She first started collaborating with the band in 2011 on their debut, ‘Once We Were Lions’, and also guest spotted on the second album, 2013’s ‘First Light to My Deathbed’.  It started out as a few favours between mates but didn’t take long to evolve. “I had known Bryant for some years and he hit me up and was like, ‘Hey dude, I was wondering if you could sing one line on one track on this album?’  And I was like, ‘Sure, why not? The track Vomit. And he’s like, ‘I’ve got a couple more’ and I’m like, ‘No worries’.  I did those and he’s like, ‘Great, I’ve got a couple more’. And I’m like, ‘Okay… sweet’.  Couple more… I’m like, ‘What the hell dude?’” she laughs. It ended up like eight tracks on the first album and that went really well for them.  I didn’t want anything in return. I just did it as a favour and then their second album came around and it was automatic. I was happy to do it.  I was doing my own musical journey at the time and all I wanted in return was for them to use my name sometimes to get my name out there, which was cool.  Then they broke up. I was living in Germany at the time just for a couple of years and when I moved home, Bryant contacted me and had a meeting with me and basically said, ‘We’re thinking of getting Saviour back together.  I think you should join the band. We’ll give you a proper role. You’ll be more of a fifty-fifty vocal’. So I was like, ‘You know what? Fuck it. Let’s do it’. And I’m so glad I did.”

Being in a melodic hardcore band is a long way from Snow’s early music life of playing folk in pubs at 15, but it’s a trajectory she has embraced wholeheartedly.  “I wouldn’t call myself a folk singer anymore to be honest. That was years ago. I started playing live in pubs when i was 15, 16. That was 11 years ago. Since then my style has evolved and developed into something else.  So at the moment, my solo project, which I’m working on at the moment… I’m going to be releasing a video in a couple of months with my single Bukowski and that’s more of like a 90s grunge style kind of project.  So I’m running far away from folk. I guess working with heavy metal at the start when I was more in the folk genre, it was interesting but it did kind of make us stand out because a lot of people would … expect me to have this waily, maybe Evanescence style vocal, which I didn’t.  I had more of a Julia Stone-style vocal, which made us extremely unique. It helped me accept my voice and that we don’t have to be a certain way. You don’t have to have a certain voice to be in heavy metal. You can just make it your own.”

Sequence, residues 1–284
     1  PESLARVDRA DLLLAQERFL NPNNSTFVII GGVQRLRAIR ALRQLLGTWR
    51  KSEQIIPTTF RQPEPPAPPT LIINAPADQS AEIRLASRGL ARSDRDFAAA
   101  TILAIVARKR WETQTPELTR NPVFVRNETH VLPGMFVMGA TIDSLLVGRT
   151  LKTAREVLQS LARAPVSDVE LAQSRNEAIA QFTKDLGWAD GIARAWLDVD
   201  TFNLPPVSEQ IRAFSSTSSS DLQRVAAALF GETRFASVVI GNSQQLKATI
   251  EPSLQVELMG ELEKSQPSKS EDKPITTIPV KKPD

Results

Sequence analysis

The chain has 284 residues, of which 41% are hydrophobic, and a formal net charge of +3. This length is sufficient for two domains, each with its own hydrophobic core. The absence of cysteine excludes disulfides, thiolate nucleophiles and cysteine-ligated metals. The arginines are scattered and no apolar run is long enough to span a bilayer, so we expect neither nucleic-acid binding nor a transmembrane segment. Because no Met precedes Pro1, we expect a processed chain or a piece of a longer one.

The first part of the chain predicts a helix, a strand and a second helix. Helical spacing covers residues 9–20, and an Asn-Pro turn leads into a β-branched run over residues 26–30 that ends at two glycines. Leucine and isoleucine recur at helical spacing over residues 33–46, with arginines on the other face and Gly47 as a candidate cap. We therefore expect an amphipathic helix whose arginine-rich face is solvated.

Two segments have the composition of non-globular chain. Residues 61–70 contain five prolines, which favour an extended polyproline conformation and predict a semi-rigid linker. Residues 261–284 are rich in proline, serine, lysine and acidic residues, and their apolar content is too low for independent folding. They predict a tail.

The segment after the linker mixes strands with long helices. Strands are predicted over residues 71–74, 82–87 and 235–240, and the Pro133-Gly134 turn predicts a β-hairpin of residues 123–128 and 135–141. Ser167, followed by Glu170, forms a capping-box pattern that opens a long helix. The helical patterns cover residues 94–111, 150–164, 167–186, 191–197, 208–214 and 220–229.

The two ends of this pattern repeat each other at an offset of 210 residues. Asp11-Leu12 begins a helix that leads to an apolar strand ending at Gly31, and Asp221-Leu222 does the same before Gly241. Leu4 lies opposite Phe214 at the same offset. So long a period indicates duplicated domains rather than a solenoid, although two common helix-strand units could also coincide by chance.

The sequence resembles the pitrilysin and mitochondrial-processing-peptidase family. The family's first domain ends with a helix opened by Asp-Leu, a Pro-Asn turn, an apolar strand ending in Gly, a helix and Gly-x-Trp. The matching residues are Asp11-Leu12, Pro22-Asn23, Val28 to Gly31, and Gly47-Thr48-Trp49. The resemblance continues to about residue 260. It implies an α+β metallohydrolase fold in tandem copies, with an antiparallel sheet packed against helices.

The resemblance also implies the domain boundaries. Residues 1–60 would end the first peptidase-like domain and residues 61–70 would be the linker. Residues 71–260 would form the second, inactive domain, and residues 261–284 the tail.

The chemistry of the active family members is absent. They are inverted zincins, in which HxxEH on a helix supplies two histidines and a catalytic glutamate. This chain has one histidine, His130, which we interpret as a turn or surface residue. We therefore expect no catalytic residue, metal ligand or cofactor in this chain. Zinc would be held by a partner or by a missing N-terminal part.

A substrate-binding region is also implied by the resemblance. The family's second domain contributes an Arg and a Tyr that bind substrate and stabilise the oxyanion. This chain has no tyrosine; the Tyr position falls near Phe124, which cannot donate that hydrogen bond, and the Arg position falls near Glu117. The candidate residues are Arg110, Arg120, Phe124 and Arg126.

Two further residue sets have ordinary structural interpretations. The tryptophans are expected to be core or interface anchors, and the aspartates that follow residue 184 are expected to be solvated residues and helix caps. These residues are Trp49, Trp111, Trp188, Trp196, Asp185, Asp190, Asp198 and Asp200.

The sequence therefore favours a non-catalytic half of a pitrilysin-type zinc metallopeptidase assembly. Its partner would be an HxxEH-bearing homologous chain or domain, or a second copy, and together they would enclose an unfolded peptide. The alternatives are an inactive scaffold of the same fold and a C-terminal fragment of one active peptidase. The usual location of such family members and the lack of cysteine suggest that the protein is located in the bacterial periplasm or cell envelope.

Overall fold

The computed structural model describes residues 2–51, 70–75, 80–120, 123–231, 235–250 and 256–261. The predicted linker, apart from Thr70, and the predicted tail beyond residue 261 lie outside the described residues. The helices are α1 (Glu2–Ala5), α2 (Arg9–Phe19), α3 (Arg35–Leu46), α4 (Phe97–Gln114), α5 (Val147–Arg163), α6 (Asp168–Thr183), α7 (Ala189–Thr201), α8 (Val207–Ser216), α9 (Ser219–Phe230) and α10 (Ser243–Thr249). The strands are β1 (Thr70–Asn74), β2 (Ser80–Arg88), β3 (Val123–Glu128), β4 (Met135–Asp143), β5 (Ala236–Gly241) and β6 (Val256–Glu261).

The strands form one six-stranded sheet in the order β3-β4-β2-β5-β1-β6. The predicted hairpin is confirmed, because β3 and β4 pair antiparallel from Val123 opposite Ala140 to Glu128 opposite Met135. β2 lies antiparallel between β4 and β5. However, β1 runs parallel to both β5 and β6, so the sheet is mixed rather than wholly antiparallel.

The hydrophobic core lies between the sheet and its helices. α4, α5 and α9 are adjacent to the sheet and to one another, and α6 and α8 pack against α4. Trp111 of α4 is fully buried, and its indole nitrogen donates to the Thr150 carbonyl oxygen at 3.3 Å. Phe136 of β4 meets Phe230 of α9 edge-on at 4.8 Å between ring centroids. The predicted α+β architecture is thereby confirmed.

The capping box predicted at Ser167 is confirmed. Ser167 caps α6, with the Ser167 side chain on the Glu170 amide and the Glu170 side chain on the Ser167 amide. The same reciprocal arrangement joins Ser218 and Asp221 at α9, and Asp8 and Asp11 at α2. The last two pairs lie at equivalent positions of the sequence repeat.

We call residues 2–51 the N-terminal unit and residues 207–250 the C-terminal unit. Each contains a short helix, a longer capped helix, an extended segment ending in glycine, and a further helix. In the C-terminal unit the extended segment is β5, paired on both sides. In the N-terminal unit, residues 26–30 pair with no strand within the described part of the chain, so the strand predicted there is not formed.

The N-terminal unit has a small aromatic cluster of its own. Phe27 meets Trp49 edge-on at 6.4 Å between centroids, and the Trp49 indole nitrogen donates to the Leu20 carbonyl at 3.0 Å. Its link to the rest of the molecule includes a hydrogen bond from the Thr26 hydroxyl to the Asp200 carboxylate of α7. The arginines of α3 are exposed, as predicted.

So what’s next for Snow and Best, who live in Melbourne, and guitarist Daniel Rees, bassist Chris Pearce and drummer Michael Matta, who live in Perth?  They’re going on tour in June of course. “We really want to celebrate. I guess Bryant and I will have to celebrate separately in Melbourne and then once the band is all together in a couple months we can celebrate as a team, but we’re all super excited.  It’s been a long time coming and we’re hoping this tour is going to do well.”

A Lunar Rose is out now. Saviour tour Australia June 5 – 21.